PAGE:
Governments held to account – dying in childbirth is NOT acceptable


It is with great pleasure that we share this story with you.  SI’s Programme Director, Reilly Dempsey, worked on this case in 2006 while at the Center for Reproductive Rights.  For five years she has been watching this case with bated breath. 

Alyne da Silva Pimentel from Brazil died of pregnancy-related causes in 2002 – her case exposed grossly negligence, discriminatory practices, a shocking lack of access to health care, and a saddening lack of judicial action or protection.  She left behind a five year old daughter, a grieving mother, and a husband who is no longer able to care for his daughter.  With the help of the Center for Reproductive Rights, her case was submitted to the UN Committee on the Elimination of Discrimination against Women in 2007, alleging that the government of Brazil had violated her rights to life, health, non-discrimination, and adequate judicial protection.  Although Brazil in their response denied these allegations, the Committee has found in Alyne’s favour.  The government is now legally obligated, by way of their ratification of the Convention on the Elimination of all Forms of Discrimination against Women and its Optional Protocol, to not only provide financial reparations to Alyne’s family, but also to take immediate action to address the failings of their health care system to provide acceptable protection for women in pregnancy.  All other State parties to CEDAW and the Optional Protocol (there are currently 102 parties to both the Convention and the Optional Protocol) will be legally bound by this decision.  This decision will also carry much weight in the general debate on the role of governments and government-sponsored health care in providing adequate levels of obstetric care.  

Soroptimist International’s 2011 President’s December 10th Appeal, Birthing in the Pacific, will work to increase the number of skilled birth attendants and the resources available to them in Papua New Guinea.  SI is working alongside the government of PNG to ensure sustainability and to ensure that the government fulfils their obligations.  Visit the project page in the coming weeks for more information.   


From the Center for Reproductive Rights:

 “Alyne da Silva Pimentel would have been 37 years old today if Brazil’s government had honored its responsibility to protect her fundamental human rights.

Instead, because she was poor and Afro-Brazilian, she died in 2002 after being denied basic medical care to address complications in her pregnancy. She was only 28 years old. And her death was completely preventable.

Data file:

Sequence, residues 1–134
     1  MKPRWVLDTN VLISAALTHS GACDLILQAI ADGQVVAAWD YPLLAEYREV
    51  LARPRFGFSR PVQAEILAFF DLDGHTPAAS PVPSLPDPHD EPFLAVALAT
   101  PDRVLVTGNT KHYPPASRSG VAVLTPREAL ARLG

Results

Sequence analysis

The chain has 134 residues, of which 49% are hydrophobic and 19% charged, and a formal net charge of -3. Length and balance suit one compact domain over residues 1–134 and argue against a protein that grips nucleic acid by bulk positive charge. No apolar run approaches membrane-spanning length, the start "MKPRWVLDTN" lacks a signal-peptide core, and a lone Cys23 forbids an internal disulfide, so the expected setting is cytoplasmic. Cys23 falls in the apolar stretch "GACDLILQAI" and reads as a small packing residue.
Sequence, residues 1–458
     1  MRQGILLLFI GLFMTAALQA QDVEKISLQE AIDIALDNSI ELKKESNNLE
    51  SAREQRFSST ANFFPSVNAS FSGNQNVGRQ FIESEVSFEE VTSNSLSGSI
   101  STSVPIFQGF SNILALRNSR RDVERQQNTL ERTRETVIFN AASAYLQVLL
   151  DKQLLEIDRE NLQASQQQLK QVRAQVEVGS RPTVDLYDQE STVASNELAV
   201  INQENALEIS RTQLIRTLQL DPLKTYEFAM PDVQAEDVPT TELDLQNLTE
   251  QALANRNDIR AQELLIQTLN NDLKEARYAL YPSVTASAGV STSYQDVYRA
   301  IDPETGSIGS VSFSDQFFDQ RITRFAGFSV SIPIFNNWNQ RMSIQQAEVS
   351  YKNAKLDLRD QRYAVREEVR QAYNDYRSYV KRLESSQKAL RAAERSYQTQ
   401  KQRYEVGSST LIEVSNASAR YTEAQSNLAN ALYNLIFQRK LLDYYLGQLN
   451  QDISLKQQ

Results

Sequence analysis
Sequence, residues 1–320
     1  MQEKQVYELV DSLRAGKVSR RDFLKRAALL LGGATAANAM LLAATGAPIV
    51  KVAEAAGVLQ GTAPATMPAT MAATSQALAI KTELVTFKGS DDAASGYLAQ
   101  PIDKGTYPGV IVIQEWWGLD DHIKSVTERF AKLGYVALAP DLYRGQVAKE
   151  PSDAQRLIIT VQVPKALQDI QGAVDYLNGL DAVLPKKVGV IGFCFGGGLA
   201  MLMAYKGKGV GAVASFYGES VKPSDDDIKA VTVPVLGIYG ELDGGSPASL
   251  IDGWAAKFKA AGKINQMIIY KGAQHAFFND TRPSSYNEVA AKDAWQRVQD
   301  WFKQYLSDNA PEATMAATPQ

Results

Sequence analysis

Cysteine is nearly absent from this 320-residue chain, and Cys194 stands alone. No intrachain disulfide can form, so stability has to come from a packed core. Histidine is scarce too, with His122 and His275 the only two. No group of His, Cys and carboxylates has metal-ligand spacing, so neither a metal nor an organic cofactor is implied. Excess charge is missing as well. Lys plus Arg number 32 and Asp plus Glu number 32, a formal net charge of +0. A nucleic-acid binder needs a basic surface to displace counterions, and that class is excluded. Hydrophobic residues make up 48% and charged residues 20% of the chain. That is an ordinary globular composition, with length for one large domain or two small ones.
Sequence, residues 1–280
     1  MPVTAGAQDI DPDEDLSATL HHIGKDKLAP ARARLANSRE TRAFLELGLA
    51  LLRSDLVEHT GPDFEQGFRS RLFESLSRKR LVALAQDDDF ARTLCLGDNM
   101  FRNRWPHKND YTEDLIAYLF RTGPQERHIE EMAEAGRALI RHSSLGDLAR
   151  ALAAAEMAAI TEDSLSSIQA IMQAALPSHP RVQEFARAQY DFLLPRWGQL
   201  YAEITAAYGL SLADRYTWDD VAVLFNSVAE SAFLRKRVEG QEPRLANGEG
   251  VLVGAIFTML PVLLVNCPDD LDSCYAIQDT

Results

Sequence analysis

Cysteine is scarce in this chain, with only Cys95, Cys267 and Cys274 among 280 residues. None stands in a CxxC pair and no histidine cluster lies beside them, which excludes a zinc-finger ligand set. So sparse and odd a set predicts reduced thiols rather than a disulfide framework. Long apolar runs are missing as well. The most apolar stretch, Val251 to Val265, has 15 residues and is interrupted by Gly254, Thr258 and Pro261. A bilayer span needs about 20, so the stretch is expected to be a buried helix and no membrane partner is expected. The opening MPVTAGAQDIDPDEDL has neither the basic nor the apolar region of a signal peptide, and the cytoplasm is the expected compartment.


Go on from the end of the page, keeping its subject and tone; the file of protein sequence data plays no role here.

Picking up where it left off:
Although nothing can reverse Alyne’s fate, a groundbreaking decision handed down today by the United Nations Committee on the Elimination of Discrimination against Women means that Alyne’s mother and daughter will finally see justice served—and women worldwide will benefit from the ruling issued in her name.

The Center for Reproductive Rights has been fighting for Alyne and her family for more than eight years. The case we brought on their behalf is the first maternal death case to be decided by an international human rights body, and the import of this decision is tremendous—establishing that governments have a human rights obligation to guarantee that all women in their countries—regardless of income or racial background—have access to timely, non-discriminatory, and appropriate maternal health services.

The message to governments worldwide could not be more clear: Access to quality reproductive healthcare throughout pregnancy is a fundamental right—and governments that fail to protect this right will be held accountable.

Sadly, Alyne’s story is one of thousands in Brazil, and all around the world, in which women are denied, and in some cases refused, basic quality medical care to address common pregnancy complications. And the countless lives lost unnecessarily as a result mean that today’s victory can only be regarded as bittersweet.

But today marks the beginning of a new era. No longer can governments disregard the fundamental rights of women like Alyne without strict accountability.”

Alyne da Silva Pimentel v. Brazil (Committee on the Elimination of Discrimination Against Women)

Decision: Alyne da Silva Pimentel v. Brazil

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